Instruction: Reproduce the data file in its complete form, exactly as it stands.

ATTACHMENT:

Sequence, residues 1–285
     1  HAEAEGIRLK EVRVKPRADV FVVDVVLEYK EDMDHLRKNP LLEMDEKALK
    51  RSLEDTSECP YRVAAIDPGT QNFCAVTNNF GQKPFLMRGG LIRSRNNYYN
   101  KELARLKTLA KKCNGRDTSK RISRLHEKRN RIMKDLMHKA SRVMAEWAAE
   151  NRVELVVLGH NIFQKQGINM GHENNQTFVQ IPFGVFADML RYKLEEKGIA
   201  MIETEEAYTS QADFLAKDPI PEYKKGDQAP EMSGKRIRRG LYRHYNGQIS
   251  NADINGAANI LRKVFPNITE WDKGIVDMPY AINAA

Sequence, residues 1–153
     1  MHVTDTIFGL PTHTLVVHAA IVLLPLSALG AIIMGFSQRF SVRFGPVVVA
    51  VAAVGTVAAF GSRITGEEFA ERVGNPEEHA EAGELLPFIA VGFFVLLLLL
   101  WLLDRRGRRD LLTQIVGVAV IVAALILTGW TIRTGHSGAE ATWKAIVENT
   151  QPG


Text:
Sequence, residues 1–285
     1  HAEAEGIRLK EVRVKPRADV FVVDVVLEYK EDMDHLRKNP LLEMDEKALK
    51  RSLEDTSECP YRVAAIDPGT QNFCAVTNNF GQKPFLMRGG LIRSRNNYYN
   101  KELARLKTLA KKCNGRDTSK RISRLHEKRN RIMKDLMHKA SRVMAEWAAE
   151  NRVELVVLGH NIFQKQGINM GHENNQTFVQ IPFGVFADML RYKLEEKGIA
   201  MIETEEAYTS QADFLAKDPI PEYKKGDQAP EMSGKRIRRG LYRHYNGQIS
   251  NADINGAANI LRKVFPNITE WDKGIVDMPY AINAA

Sequence, residues 1–153
     1  MHVTDTIFGL PTHTLVVHAA IVLLPLSALG AIIMGFSQRF SVRFGPVVVA
    51  VAAVGTVAAF GSRITGEEFA ERVGNPEEHA EAGELLPFIA VGFFVLLLLL
   101  WLLDRRGRRD LLTQIVGVAV IVAALILTGW TIRTGHSGAE ATWKAIVENT
   151  QPG